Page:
111th Day Of Lockdown

Maharashtra25442714032510289 Tamil Nadu138470895321966 Delhi112494899683371 Gujarat41906291982046 Karnataka3884315411686 Uttar Pradesh3647623334934 Telangana3467122482356 West Bengal3001318581932 Andhra Pradesh2916815412328 Rajasthan2439218103510 Haryana2124015983301 Madhya Pradesh1763212876653 Assam168071089541 Bihar1630511953125 Odisha13737875091 Jammu and Kashmir105135979179 Kerala7874409532 Punjab78215392199 Chhatisgarh4081315319 Jharkhand3760230831 Uttarakhand3537278647 Goa2453120714 Tripura206714212 Manipur16098960 Puducherry141873918 Himachal Pradesh121391610 Nagaland8453270 Chandigarh5594178 Arunachal Pradesh3601382 Meghalaya295452 Mizoram2311500 Sikkim164810
Science 10 Feb 2017 New high-tech liquid ...

New high-tech liquid material developed

PTI
Published Feb 10, 2017, 4:18 pm IST
Updated Feb 10, 2017, 4:18 pm IST
Scientists have developed techniques to manipulate micro-organisms - which are more dynamic and flexible than solids solid materials.
The flow patterns can be changed at will, so the liquid-based materials are more dynamic and flexible than solid materials.
 The flow patterns can be changed at will, so the liquid-based materials are more dynamic and flexible than solid materials.

Scientists have developed previously unimaginable liquid materials for new technological innovations - including techniques to manipulate micro-organisms - which are more dynamic and flexible than solids solid materials.

Researchers controlled wave-generated currents to make the dynamic material that could be revolutionary, similar to those created in recent decades that have been used for invisibility cloaking, superlenses and high-efficiency antennae. Professor Michael Shats from The Australian National University (ANU) said the currents made a liquid behave like materials with regular structures such as crystals.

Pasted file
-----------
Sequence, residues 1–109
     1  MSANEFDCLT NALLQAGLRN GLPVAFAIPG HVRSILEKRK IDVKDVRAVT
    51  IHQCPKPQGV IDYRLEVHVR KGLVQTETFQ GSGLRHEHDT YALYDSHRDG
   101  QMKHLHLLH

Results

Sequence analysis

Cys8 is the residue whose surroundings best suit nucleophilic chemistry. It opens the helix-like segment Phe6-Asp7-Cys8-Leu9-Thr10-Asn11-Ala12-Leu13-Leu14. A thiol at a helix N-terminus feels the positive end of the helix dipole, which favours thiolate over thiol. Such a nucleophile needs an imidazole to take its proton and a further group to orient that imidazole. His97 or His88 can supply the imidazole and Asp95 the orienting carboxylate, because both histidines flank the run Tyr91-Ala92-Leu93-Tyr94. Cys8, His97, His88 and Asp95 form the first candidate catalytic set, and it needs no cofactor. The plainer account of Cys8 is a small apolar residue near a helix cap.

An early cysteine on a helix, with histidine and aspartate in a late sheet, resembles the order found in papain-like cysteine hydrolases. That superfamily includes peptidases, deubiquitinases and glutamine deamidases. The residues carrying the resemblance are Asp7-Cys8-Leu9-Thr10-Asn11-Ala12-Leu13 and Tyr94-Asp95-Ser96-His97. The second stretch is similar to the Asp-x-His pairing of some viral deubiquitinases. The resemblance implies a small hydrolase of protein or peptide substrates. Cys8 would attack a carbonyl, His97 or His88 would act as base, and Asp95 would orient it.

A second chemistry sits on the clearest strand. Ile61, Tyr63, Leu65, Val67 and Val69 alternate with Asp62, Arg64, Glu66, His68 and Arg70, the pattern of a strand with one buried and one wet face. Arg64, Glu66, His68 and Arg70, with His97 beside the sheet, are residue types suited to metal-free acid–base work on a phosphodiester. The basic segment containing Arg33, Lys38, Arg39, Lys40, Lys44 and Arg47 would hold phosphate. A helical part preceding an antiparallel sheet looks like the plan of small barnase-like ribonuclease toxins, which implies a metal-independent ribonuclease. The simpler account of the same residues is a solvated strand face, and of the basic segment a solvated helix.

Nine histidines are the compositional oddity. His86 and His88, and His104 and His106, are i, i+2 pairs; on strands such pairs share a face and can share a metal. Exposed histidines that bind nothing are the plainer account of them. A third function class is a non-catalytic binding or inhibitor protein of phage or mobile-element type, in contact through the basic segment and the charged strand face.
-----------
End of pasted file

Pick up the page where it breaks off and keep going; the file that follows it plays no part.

"It is an incredibly powerful new tool that will work at the surface of almost any liquid," said Shats. "By changing waves, we can change the flow patterns. This allows us to remote-control the nature of the material," said Shats.

The flow patterns can be changed at will, so the liquid-based materials are more dynamic and flexible than solid materials.

"These flow patterns are effectively two-dimensional materials at the interface between the liquid and the gas above it," said Shats.

Nicolas Francois from the ANU said each current was like a Lego brick.

 

"Now we have created the brick, people will be able to make complex structures we cannot imagine now," he said.

"If you use conducting liquids you can create an interface with designed electrical properties. Or with bio-compatible substances you can guide micro-organisms or trap them," he added.

The team observed the flow patterns in a tank of water by generating a wave pattern with two oscillators and tracking fluid particles. They also modelled the flow with computer simulations and theoretical calculations.

Click on Deccan Chronicle Technology and Science for the latest news and reviews. Follow us on Facebook, Twitter

...




ADVERTISEMENT
ADVERTISEMENT
ADVERTISEMENT
ADVERTISEMENT
ADVERTISEMENT